Daily archives: June 1, 2006

Heavensent 4.7

Shot pistols generally spat clusters of small metal balls in a lethal cone out to a few hundred spans. Mirl’s gunnery officer had perfected a far more interesting projectile. Harren steadied the extended stock against his shoulder and took aim on an Albo.

The recoil nearly toppled him from his chair. Halfway to the old plane a thin trail of flame traced the bullet’s path. It passed through the canvas and the inside of the plane was illuminated with bright yellow light. Harren pulled back the lever over the barrel and fed another shell into the chamber. This time he stood to put a shot through the canopy of the next Albo over. He collapsed into his chair and guzzled down another mouthful of the mechanics’ searing liquor. “What is in those things?”

Mirl held up a shell. It had a metal skin, scarred with predetermined fragmentation lines. “There are two chambers inside. The contents react violently with each other. The propellant drives a nail through them both and they start reacting at about two hundred spans. When the shell splits it releases flaming liquid in all directions. Or it would explode at about a thousand spans and do the same thing.”

“Really?” Harren cranked the handle and fired straight up.

They watched the fire trail thicken and eventually blossom into a white hot teardrop. “We should move.” Suggested Mirl.


“What goes up must come down.”

“Oh. Of course.” They grabbed the bottles of liquor and bag of ammunition and wandered a wavering line back to the mess. Harren remembered the chairs as he stood at the door, and looked back to see them both in flames.

There were mounted commendations all the way down the main table. Each sat atop the growing tower of ale and spirit bottles the associated crew were consuming. Harren’s gunship raid and Mirl’s high altitude bombing were being lauded as grand shows of strength. The heroes were due to embark on a publicity tour. “Drink your fill boys, for tomorrow we must entertain our public!” There was a roar from the crews and a hammering of the table that toppled two bottle towers.

They collapsed onto a bench seat. “Where have they sent you?” Mirl asked.

“Back to Reff, to shine above the grimy city, then some middle of nowhere air show and finally on to Stran Island to talk with the Navy about combined force attacks.”

“We are going even further north, to show the damned logging camps that we care about them by mercilessly bombing trees.”


“This supposed Hidden Army in the woods. Every time a logger gets toxicated and falls in the river it is all about the Hidden Army. So we are going to bomb the forest around the river and maybe kill some river reptiles.”

“That sounds like more action than I will see.”

“Death from above!”

“Death from above!” They saluted each other with spirit bottles.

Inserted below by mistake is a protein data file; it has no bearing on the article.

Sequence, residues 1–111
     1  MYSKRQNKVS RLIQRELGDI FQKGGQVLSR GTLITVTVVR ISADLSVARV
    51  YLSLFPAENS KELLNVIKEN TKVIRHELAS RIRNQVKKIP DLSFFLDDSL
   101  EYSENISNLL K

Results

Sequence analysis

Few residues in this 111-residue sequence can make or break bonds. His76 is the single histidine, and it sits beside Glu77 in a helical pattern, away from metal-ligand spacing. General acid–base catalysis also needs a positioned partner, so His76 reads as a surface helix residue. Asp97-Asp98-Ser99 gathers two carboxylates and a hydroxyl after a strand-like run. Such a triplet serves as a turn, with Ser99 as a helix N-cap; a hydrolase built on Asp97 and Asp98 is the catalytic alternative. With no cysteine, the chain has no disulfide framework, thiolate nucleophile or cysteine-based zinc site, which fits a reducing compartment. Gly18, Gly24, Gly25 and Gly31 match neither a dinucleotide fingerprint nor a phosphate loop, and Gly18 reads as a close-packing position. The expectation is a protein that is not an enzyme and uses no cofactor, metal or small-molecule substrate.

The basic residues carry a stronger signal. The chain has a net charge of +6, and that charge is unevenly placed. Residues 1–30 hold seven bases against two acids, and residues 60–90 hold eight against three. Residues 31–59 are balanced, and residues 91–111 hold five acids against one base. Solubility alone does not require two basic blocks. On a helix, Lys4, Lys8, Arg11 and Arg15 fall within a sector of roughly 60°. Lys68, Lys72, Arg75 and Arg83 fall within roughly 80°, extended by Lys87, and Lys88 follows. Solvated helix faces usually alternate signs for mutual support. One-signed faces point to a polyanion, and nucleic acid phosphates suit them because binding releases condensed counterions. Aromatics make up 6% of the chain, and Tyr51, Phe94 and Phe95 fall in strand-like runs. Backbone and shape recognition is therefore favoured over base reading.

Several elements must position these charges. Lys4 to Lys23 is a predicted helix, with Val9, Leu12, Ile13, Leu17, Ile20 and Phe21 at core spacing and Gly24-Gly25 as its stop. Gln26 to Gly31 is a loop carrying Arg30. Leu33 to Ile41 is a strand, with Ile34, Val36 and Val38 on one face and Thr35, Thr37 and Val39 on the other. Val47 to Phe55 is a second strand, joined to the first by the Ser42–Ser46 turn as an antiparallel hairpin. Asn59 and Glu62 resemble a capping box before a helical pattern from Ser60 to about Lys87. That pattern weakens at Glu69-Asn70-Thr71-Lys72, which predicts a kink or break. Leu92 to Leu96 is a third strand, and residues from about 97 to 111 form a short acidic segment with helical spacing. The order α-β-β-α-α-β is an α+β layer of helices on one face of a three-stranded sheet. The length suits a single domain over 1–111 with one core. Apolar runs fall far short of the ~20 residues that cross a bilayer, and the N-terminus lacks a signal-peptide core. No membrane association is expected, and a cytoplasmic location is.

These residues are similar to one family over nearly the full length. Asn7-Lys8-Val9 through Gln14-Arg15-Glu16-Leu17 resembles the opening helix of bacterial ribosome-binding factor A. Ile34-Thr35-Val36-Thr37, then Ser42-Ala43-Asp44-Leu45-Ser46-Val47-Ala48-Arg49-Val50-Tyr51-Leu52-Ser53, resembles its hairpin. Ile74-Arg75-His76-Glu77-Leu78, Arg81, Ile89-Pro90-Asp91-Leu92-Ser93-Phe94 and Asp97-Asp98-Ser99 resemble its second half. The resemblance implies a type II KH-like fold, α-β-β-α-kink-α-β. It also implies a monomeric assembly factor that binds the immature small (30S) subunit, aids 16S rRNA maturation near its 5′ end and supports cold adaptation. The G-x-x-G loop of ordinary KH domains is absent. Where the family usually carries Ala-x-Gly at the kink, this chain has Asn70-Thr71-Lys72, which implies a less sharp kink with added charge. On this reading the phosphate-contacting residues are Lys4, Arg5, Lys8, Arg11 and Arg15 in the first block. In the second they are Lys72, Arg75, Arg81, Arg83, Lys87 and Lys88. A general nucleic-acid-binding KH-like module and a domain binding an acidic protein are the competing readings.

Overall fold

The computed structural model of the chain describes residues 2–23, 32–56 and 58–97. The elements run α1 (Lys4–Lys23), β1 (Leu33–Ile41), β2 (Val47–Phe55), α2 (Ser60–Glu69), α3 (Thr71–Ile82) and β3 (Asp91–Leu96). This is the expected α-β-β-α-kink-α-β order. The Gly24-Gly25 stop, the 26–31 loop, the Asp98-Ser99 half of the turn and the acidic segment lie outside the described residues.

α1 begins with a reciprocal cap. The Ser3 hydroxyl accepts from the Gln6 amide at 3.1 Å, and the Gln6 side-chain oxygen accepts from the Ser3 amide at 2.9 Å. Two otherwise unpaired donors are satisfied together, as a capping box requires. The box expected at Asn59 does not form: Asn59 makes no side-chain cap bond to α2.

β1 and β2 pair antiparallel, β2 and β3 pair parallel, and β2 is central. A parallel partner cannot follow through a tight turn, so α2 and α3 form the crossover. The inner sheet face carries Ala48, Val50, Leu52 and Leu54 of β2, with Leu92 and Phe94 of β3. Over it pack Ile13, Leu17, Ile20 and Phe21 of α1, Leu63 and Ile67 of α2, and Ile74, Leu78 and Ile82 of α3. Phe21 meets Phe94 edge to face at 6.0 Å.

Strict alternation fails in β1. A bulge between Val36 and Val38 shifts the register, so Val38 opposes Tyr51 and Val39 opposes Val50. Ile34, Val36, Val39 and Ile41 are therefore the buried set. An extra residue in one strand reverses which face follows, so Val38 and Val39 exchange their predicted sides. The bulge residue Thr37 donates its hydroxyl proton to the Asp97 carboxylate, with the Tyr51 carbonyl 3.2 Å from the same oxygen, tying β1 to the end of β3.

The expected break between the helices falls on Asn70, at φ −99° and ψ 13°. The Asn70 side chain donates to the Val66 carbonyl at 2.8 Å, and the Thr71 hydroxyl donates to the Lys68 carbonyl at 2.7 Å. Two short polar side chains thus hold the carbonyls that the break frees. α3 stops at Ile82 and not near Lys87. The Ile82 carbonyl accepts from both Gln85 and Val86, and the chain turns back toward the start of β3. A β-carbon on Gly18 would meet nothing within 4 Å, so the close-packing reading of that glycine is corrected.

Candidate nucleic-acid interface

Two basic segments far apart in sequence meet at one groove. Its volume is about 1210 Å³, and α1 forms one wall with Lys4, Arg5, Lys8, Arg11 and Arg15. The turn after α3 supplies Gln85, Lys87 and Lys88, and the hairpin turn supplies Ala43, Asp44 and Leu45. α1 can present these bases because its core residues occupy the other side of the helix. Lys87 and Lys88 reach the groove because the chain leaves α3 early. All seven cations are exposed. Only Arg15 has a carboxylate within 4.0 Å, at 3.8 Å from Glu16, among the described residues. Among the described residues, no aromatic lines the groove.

Heavensent 4.8
Heavensent 4.6
Heavensent 1.1

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Heavensent 4.6

Note Ooops, I got all excited about going to see X Men and forgot to post this yesterday.

The final guidance signal had come on when promised and they had been bearing down it ever since. A white scar on the grey of the ocean had appeared on the horizon and slid toward them. Closer to, it was an irregular shape very low in the water, with two ships moored to the south and another to the west. “Half Time base to Wasp flight. Receiving?”

“Receiving. This is Wasp flight leader. Request permission to land.”

“Permission granted. Your only other option is to turn that thing into a boat. Approach from the west. Light crosswind from the northeast.”

“Okay flight. The Cicciles should land first. They will be closer to empty.”

There was an average length runway cut into the rock, more than long enough for the Wasps, laid with a hexagonally patterned rubberised matting. The fighters landed close together and were bustled off the runway to refuelling spots where their pilots were helped from the cockpits and walked with a cramped hobble to a feeding and flushing tent.

The Wasps landed in reverse order, until Four landed hard. The right wheel collapsed and the plane pirouetted off the runway toward the nearest ship. It came to rest with one wing crumpled against the hull. The pilot and navigator jumped out and ran the best they could for cover, but there was no fire. Two, and then Reed, approached the runway more carefully.

As they taxied into the rest area, Reed noticed the fuel hoses and drop tanks around the other planes. He climbed down to be greeted by an officer in naval whites. With no understanding of Navy rankings he saluted, just in case.
“Wing Commander Reed, I am Captain Browdy, commander of Half Time field.”

“Pleased to be here sir.”

“Come this way and I shall see you are fed and flushed. Our mechanics will want to talk to you about the state of your plane.”

“You are planning a fast turn around?”

“Half Time is tidal. We have about twenty thousand counts until the island is under five spans of water. There is only stowage space for a few planes on our ships, and one of those has been taken by your number four.”

“I do not think any of my flight are ready for another trip just yet.”

“Never fear. We have new crews for all your planes.” By now they were within the tent. At the far end sat crews in fresh gear, all ready for take off. Reed’s flight eyed them suspiciously, between huge mouthfuls of fish stew. “You shall be billeted here for a few days, until the next flight arrives, which you shall then take over.”

Flushed, and with a bowl of stew each, Reed and Jay stood outside the tent watching the refuelling. On the far side of the runway, inflatable pontoons were strapped to the wreck of Four. As the tide rose, so it would be lifted and could be moved to the crane that hung over the ship’s side.

“Horse was right. This is something very big.”

Heavensent 4.7
Heavensent 4.5
Heavensent 1.1

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